Corpsing is odd. It is a forbidden delight, with which audiences eagerly connive. Up to a point. Beyond that point it suddenly looks too easy. The corpsing actors start to feel uncomfortable, despite their being enwrapped and entrapped in the greatest of comforts. The audience suddenly senses that, as far as they are concerned, a few seconds of abandon is quite sufficient. They’d like to get back to the script now please. But why did they succumb in the first place? You pay a lot of money to go to the theatre, why would you be so delighted by the abrupt and thoroughly disenchanting collapse of the whole point of the evening out? Or, why would you appreciate the inclusion of blooper outtakes on your box sets? Why do TV shows based solely on collections of bloopers draw dependably respectable figures? It has been observed elsewhere in this publication that actors demonstrate to non-actors that it is possible to act. This disclosure can be taken as an endorsement of the practice of pretending – when the occasion seems to demand it – to be other than you are. It can also support the more offensive notion that all behaviour is performance.
The laughter business is fraught with danger. Almost by definition laughter is out of control and intense laughter threatens to lead us to a point from which we might have difficulty returning. I’m not suggesting that this is what anyone thinks when they burst out laughing but our colloquialisms do suggest that laughter is not simply restricted to things that we find humorous. I wrote recently about delirious, frightened or horrified laughter in the post ‘Murder in the Dark’. Given that we’re not going to die laughing there still remains within the corpse and the snort more than wholesome, disruptive fun.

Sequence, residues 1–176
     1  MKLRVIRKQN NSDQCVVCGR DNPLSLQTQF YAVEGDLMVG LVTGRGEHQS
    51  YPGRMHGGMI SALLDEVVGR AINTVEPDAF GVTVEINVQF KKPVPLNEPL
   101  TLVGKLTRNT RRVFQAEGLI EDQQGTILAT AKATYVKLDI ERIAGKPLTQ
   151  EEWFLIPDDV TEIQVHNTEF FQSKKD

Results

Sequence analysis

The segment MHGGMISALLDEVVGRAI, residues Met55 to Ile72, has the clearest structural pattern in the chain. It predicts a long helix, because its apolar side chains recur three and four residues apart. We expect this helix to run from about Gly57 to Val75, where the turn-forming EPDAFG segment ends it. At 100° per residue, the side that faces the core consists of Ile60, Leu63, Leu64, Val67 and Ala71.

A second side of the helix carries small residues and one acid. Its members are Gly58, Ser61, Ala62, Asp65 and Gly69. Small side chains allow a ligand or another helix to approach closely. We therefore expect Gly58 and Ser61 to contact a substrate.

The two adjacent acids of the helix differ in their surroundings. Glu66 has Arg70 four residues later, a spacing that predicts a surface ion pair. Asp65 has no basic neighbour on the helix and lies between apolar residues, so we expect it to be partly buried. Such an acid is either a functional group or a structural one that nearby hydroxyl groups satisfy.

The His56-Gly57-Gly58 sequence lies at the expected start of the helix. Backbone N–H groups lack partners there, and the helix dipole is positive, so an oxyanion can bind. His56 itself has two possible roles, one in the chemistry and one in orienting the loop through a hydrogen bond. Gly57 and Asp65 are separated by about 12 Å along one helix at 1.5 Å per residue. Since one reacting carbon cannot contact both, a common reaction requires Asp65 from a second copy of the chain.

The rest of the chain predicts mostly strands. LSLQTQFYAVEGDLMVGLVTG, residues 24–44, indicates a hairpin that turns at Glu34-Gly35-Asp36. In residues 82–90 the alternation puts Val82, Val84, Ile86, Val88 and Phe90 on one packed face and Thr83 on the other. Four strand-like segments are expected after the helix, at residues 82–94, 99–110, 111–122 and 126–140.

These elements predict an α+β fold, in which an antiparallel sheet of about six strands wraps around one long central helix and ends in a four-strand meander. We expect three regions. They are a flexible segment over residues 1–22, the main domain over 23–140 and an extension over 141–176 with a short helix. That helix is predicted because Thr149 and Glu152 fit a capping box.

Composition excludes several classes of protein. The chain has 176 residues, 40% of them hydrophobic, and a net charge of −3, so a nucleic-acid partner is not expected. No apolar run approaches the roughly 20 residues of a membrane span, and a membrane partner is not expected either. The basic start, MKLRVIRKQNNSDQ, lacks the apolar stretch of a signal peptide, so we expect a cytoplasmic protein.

Latahs or their non-Malaysian and Indonesian equivalents are found in many societies. They may not have the special status afforded them in these regions but the precariousness of their composure is much the same. They will ‘jump out of their skin’ and not be able to get back where they belong for minutes at a time. During this time their capacity to direct their own behaviour is spectacularly diminished to the point where they will be compulsively obedient or repetitive. They are, in a sense, ‘anybody’s’. While corpsing actors cannot be described in these florid terms, there is a similarity in the abruptness of the shift from composure to disarray in both latah and corpsing actor. Actors may be, in the particular sense I have suggested, fragile, but only when they are acting. In the case of the latah it is as if their entire being, or their sense of being, will only cohere if they are never startled.
The video clip demonstrates that the non-latah peers of the latah individual tend to tease the latah, sometimes mercilessly, in order to precipitate what is clearly regarded as an hilarious performance, available on demand and unticketed.
Now let’s look at Andrea…